3The Comte de Vergennes means that he and the British ambassador, the Duke of Manchester, had agreed on the terms of the Anglo-French definitive treaty. He informed the Chevalier de La Luzerne, the French minister to the United States, that as of 21 July “France agrees perfectly with England, on every point respecting their Treaty” (JCC description begins Journals of the Continental Congress, 1774–1789, ed. Worthington Chauncey Ford, Gaillard Hunt, John C. Fitzpatrick, Roscoe R. Hill, and others, Washington, 1904–1937; 34 vols. description ends , 25:588). For an additional indication of the Anglo-French agreement on the treaty, see note 10.

4As you have been known for a long time, I will be delighted to see you. Ivan Sergeevich Bariatinskii and Arkady Markov reported on the commissioners’ 2 July visit in a 6 July letter to Catherine II and enclosed the formal note announcing the commissioners’ visit, presumably similar to those left at other embassies and legations (U.S. and Russia description begins The United States and Russia: The Beginning of Relations, 1765–1815, ed. Nina N. Bashkina and others, Washington, 1980. description ends , p. 198–199).

5The Swedish ambassador was Gustav Philip, Graf von Creutz.

6Since the 1774 Treaty of Kutschuk-Kainardjii there had been repeated rumors of a new war between Russia, allied with Austria, and the Ottoman Empire. The impetus for such reports was Russia’s annexation of the Crimea, but the expected Russo-Turkish war did not begin until Aug. 1787, with Austria joining the conflict in Feb. 1788 (Cambridge Modern Hist. description begins The Cambridge Modern History, Cambridge, Eng., 1902–1911; repr. New York, 1969; 13 vols. description ends , 6:674–676). For additional information regarding the Eastern Question and the “Coldness between France & Russia,” see JA’s 2 Aug. letter to Livingston, and note 1, below.

7For the letters delivered by Capt. Joshua Barney of the General Washington, see vol. 14:34–36, 138–140, 407–410. No letter from Livingston dated 18 April is in the Adams Papers. If such a letter existed it may have been a covering letter for the 18 April letter from Lewis R. Morris, one of Livingston’s secretaries, which enclosed JA’s accounts (same, p. 426–427). Alternatively it may be a reference to the Morris letter, the date line of which indicated that it was from the “Office for Foreign Affairs.” JA replied to the letter of 6 Nov. on 23 Jan. (same, p. 203–205), but no specific replies to the other letters have been found. For JA’s concern over the payment of his salary by Benjamin Franklin through Ferdinand Grand, see vol. 14:ix–x.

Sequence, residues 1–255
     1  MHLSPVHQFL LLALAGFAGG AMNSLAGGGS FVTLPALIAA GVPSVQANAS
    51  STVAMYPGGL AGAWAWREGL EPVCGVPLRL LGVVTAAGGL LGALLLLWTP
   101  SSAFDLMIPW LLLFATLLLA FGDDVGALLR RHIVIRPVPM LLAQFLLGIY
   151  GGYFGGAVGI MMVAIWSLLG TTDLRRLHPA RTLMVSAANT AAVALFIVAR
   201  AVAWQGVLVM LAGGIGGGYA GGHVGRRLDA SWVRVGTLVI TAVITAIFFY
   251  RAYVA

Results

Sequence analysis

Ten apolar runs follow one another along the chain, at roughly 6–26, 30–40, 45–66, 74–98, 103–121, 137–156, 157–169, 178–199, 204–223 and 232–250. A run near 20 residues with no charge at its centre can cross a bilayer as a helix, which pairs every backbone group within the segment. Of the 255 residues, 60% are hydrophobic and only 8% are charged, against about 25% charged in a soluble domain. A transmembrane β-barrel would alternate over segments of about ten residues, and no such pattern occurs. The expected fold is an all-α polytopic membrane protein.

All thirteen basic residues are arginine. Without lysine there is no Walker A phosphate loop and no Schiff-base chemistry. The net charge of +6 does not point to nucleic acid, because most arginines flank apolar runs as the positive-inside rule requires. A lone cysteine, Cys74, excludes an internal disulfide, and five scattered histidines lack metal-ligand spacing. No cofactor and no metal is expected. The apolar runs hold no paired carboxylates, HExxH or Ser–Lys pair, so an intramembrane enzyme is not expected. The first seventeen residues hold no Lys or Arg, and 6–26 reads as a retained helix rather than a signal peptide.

8Capt. Barney delivered Livingston’s letters to the commissioners of 25 March, 21 April, 28 May, and 31 May (vol. 14:361–364, 435–438, 503–504, 512–514) to Passy the previous day (Laurens, Papers description begins The Papers of Henry Laurens, ed. Philip M. Hamer, George C. Rogers Jr., David R. Chesnutt, C. James Taylor, and others, Columbia, S.C., 1968–2003; 16 vols. description ends , 16:231–232). JA replied to the four letters, in whole or in part, on 7, 9, 10, and 11 July; but see also his letter to Robert Morris of 5 July, all below.

The most important of Livingston’s letters were those of 25 March and 21 April, the latter of which enclosed the ratified preliminary treaty. In both Livingston criticized the commissioners’ decision to violate their instructions and negotiate and sign the preliminary treaty without informing France. For the history of the commissioners’ 18 July reply to those letters, see the Editorial Note and the reply itself at 18 July, and note 2, which contains an omitted portion of John Jay’s draft, below.

9Psalms, 146:3.

10“Sir, the Comte de Vergennes will do me the honor of dining at my house one day soon, and I hope to have the honor of your company. There we will discuss some business, about which Mr. de Vergennes will speak to you beforehand.”

The Austrian ambassador, Florimond Claude Mercy d’Argenteau, is referring to the dinner meeting that occurred at his house on 9 Aug. and was attended by the representatives of the mediating powers, the British and Spanish ambassadors, and the Comte de Vergennes. There the diplomats agreed on the final details and the signing of the Anglo-French and Anglo-Spanish definitive peace treaties. That such a gathering was contemplated as early as 3 July indicates the progress that had been made in the negotiations between Britain, France, and Spain. That Mercy d’Argenteau would invite JA, and by implication his colleagues, and JA’s expectation that they would attend, indicate the Austrian’s assumption that the Anglo-American negotiations were equally far along. In the end the Americans did not attend, in part owing to their reluctance to participate in the Austro-Russian mediation, but also because they were awaiting a response from London to their final proposals for a definitive treaty. See JA’s 7 July letter to Livingston, and note 4, for his further comments on the invitation, and his first letter of 13 Aug. for an account of the meeting, both below.

11In JA’s hand.